Jefferson Davis to Isham G. Harris

London. England.

18 Upper Gloucester Place.

Dorset Square – June 22nd. 1869.

My Dear Sir,

Your letter of the 27th. ult. after being twice forwarded reached me at this place to day. I am deeply sensible of your kindness, and sincerely thank you for your well directed effort to serve me. You are right in the supposition of the entire loss of my property. Several offers have been made to me of positions in the South which were very acceptable, but which I have had to decline because from their nature there was cause to fear that the persistent hostility of our enemy would be brought to bear disadvantageously upon the interests confided to me.

The proposition which you make especially if the office be established in Baltimore seems to me to be free from that objection and to me personally would be very agreeable – You can therefore inform your friends whose kind consideration has enabled you to make the offer that I will be ready to accept it – Though they and you are no doubt aware that I have had no previous training in such busness as that to which it is proposed to call me –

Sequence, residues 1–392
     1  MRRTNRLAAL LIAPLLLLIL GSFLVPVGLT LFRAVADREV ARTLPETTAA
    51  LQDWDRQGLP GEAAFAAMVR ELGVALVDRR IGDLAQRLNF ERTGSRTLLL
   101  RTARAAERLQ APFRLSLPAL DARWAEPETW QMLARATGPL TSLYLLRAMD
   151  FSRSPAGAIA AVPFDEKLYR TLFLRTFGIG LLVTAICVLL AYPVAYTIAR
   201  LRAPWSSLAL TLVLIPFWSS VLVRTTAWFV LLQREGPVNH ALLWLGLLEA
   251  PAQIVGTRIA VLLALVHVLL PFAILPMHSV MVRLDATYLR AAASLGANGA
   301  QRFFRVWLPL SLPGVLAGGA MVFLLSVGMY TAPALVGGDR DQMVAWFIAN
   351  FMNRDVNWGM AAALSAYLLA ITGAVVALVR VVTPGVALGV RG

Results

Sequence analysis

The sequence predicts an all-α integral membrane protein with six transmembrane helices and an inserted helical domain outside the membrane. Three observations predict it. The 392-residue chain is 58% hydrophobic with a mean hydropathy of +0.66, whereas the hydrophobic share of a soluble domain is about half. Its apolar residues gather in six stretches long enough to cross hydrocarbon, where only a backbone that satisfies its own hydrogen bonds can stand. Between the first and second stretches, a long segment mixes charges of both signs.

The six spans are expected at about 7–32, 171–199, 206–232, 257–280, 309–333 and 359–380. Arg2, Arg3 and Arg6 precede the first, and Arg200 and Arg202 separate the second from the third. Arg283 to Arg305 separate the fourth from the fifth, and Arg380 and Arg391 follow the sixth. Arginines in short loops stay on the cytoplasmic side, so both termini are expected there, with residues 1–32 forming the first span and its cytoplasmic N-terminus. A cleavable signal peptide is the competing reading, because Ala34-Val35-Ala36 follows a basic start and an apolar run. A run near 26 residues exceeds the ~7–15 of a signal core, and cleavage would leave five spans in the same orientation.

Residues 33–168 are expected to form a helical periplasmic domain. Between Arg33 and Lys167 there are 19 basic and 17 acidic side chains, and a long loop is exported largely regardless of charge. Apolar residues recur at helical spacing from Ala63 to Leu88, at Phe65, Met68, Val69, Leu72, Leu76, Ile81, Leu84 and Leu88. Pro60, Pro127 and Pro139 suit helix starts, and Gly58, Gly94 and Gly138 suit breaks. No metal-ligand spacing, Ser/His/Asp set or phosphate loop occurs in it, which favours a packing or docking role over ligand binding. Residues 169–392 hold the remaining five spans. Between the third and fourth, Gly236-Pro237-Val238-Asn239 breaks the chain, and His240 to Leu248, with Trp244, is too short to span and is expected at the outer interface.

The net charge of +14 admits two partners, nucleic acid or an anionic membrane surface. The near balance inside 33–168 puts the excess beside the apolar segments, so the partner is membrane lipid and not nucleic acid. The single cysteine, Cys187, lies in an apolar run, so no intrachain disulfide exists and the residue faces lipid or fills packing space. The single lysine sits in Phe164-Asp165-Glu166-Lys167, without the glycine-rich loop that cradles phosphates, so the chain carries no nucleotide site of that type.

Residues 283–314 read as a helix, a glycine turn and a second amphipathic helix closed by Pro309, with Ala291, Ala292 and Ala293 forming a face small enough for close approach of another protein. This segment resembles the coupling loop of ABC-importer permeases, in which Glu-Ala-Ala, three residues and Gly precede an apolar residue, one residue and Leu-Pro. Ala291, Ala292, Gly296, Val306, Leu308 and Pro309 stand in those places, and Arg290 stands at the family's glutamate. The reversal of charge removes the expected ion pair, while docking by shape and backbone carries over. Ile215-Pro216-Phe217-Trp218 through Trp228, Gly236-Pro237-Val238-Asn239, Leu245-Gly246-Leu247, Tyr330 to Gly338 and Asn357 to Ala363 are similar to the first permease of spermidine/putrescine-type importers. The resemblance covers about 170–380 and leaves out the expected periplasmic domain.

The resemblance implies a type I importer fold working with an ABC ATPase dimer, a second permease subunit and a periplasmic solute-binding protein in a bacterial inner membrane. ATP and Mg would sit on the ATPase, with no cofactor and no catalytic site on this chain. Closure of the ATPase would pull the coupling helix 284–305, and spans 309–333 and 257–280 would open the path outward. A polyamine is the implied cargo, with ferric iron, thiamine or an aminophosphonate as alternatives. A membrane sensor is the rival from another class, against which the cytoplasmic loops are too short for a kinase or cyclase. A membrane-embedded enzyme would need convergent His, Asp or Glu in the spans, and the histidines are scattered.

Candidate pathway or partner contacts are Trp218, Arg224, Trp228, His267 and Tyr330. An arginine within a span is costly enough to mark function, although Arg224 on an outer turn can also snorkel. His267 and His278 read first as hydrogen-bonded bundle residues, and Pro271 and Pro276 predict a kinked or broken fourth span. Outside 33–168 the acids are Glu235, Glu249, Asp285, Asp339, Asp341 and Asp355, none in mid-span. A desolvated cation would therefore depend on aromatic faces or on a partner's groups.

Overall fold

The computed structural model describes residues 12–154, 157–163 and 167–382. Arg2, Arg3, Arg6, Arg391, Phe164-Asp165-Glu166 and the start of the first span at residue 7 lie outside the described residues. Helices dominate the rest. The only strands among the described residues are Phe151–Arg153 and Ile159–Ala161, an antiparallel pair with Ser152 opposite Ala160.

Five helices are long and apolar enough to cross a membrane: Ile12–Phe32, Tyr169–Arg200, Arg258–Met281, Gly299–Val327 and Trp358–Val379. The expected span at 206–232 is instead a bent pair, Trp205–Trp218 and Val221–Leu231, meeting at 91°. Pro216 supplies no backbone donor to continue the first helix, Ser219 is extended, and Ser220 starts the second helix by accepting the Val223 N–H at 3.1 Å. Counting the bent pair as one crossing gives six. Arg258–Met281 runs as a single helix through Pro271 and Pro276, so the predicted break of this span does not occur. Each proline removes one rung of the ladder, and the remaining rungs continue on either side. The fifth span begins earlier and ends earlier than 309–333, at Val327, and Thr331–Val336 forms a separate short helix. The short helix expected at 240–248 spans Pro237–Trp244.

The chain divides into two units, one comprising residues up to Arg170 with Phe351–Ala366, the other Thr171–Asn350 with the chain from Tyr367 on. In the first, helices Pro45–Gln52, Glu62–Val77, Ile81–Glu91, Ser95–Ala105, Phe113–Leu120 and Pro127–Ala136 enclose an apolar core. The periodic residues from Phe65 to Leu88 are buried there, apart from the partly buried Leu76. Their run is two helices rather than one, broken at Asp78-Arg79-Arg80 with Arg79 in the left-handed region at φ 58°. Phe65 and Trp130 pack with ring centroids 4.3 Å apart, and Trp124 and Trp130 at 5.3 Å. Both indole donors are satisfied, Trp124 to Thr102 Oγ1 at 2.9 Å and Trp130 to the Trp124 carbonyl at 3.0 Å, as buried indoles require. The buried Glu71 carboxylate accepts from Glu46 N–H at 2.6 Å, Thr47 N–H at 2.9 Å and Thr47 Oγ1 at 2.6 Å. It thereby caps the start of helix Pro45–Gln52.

I had expected to have returned to our country this Spring, and should have done so but for ill health in my family, and subsequently the state of my own health warned me not to return in midsummer to the immediate section which was once my home.

I have often thought of you and followed your course with that interest which belongs to the warm regard which your official and personal conduct created – Beleive me very truly Your friend

Je[ffn],, Davis

From The Papers of Jefferson Davis, Volume 12, pp 361-62. Transcribed from the original, Forbes Magazine Collection.

The Papers of Jefferson Davis
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